This study examined the prevalence of bullying and related behaviors between 2005 and 2014 and determined whether any such changes varied across schools or as a function of school-level covariates.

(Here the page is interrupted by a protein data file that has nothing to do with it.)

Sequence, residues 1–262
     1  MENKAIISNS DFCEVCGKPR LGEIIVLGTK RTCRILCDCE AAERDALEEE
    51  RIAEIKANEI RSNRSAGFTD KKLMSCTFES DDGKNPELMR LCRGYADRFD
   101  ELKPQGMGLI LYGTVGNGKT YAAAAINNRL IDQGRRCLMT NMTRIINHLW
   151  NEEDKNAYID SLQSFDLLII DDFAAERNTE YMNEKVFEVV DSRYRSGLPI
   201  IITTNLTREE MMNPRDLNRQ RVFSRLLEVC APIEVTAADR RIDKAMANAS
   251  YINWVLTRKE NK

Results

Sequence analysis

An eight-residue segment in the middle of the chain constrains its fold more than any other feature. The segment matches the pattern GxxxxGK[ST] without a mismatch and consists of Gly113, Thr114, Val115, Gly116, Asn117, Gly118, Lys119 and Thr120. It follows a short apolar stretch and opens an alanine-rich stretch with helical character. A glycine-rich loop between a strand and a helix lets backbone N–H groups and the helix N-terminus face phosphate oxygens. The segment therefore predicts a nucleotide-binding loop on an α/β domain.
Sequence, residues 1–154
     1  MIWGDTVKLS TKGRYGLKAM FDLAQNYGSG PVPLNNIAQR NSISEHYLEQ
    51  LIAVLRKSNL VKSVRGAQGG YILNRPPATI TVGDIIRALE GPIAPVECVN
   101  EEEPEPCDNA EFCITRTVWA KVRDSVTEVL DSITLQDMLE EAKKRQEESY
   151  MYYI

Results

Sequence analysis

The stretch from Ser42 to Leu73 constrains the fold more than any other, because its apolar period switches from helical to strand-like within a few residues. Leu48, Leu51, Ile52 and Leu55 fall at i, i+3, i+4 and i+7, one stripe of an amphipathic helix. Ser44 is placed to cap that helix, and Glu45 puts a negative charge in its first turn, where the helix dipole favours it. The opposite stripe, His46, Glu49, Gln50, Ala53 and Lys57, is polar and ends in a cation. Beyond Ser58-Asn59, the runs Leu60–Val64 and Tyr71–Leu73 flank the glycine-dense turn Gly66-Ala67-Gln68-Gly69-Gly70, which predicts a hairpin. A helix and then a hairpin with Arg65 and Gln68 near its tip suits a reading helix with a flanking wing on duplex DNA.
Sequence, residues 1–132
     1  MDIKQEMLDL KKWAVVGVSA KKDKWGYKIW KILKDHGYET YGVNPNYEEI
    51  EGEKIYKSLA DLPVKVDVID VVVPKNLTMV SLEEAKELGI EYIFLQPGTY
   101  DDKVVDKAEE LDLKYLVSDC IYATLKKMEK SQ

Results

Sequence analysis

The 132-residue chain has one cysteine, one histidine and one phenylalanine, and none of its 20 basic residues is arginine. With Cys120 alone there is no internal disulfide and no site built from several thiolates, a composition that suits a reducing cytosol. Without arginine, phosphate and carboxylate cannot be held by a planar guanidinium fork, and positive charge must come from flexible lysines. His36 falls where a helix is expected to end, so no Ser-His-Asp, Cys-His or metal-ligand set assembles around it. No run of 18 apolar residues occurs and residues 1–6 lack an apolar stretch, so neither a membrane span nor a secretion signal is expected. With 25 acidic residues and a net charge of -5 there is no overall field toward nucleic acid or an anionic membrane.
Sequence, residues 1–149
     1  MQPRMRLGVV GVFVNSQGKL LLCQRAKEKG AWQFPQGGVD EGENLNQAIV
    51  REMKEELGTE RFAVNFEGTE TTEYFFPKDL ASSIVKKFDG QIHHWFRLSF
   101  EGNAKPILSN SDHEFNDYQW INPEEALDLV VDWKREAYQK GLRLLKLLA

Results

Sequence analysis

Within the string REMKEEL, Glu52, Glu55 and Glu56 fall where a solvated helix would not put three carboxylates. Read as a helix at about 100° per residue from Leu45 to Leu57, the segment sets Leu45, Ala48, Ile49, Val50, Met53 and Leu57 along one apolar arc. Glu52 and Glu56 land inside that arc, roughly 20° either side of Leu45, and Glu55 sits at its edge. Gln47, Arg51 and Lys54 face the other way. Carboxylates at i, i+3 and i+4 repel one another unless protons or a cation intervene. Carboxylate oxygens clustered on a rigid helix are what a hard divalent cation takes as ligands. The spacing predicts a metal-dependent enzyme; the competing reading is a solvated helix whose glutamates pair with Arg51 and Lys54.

Bullying is a significant public health concern, and it has received considerable attention from the media and policymakers over the past decade, which has led some to believe that it is increasing; however, there are limited surveillance data on bullying to inform the understanding of such trends over the course of multiple years. In addressing this research gap, the current study obtained youth self-reports of 13 indicators of bullying and related behaviors from 246,306 students in 109 Maryland schools across 10 years. The data were weighted to reflect the school populations and were analyzed by using longitudinal hierarchical linear modeling to examine changes over time. The covariate-adjusted models indicated a significant reduction in bullying and related concerns in 10 out of 13 indicators (including a decrease in bullying and victimization) for in-person forms (i.e., physical, verbal, relational) and cyberbullying. Results also showed an increase in the perceptions that adults do enough to stop bullying and students' feelings of safety and belonging at school. The study's overall conclusion is that the prevalence of bullying and related behaviors generally decreased over this 10-year period, with the most recent years showing the greatest improvements in school climate and reductions in bullying. Additional research is needed to identify factors that contributed to this declining trend. 5 tables and 35 references (publisher abstract modified)